1st International Congress of Musicology

Athens Goethe Institute, 25-27 February 2002

Paper Abstracts

Nikos Tsouchlos

Contemporary Questions regarding the Public and Private Support of Musical Life in Western Europe. From the Cult of Institutions to the Cult of the Event

During the early post-war years the conviction that the support of culture, especially of the representational arts, constitutes an essential obligation of the state has prevailed. Thus, in the period under consideration, a complicated system of subsidized organizations, such as the opera houses, the radio stations and orchestras, is consolidated. This system absorbs state funds, which were unheard of in the pre-war days. In the framework of this subsidized world intense activity is developed, which concerns both the reproduction of the repertory of the past and contemporary creation.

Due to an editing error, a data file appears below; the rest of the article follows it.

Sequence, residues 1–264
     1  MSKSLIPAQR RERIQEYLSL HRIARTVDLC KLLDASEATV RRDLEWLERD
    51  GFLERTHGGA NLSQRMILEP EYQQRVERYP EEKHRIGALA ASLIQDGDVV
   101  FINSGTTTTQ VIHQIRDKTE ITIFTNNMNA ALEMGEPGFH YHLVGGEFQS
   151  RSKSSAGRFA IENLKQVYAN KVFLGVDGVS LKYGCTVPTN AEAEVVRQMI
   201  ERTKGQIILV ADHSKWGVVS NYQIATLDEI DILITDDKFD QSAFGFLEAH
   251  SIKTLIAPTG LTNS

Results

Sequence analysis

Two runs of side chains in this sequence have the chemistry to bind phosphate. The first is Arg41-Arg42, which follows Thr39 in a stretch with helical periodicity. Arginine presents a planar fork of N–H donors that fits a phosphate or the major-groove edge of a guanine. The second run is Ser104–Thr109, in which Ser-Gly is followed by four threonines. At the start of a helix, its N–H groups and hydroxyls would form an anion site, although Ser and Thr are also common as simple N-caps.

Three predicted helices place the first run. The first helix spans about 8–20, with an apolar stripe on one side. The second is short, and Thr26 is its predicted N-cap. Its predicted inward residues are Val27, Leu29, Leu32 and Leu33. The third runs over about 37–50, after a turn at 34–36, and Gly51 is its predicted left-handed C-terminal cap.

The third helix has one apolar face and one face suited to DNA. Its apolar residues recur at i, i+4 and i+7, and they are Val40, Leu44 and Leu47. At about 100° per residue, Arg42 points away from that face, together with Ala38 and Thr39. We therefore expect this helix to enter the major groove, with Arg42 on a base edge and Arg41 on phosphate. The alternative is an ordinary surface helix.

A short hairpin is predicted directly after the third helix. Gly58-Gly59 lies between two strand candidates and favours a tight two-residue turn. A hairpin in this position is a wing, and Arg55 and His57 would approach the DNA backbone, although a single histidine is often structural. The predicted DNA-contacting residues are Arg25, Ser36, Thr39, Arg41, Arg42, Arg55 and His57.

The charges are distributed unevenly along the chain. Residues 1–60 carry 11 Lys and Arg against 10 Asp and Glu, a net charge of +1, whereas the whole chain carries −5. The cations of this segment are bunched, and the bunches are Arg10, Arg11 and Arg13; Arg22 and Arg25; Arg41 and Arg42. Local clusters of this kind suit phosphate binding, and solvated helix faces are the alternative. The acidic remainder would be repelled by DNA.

This system is nowadays in a critical state; we may follow its roots in the beginnings of the ’70s and trace its development by means of phenomena such as the influence of the subsidized spectacle or sound of the international discography market; we may also trace it in the more general contestation of the distinction as to the valuation between “high” art and “minor” cultural activities.
The European cultural spectacle is nowadays changing rapidly, while new phenomena are observed, such as the deep crises of the disc and the evident influence of the economic logic in the very content of musical activities. In the long run the gradual fall from the cult of institutions to the cult of the “event” and the crises in the public subsidy of great organizations of primary production (such as symphony orchestras, radio stations and opera houses) is unavoidable.

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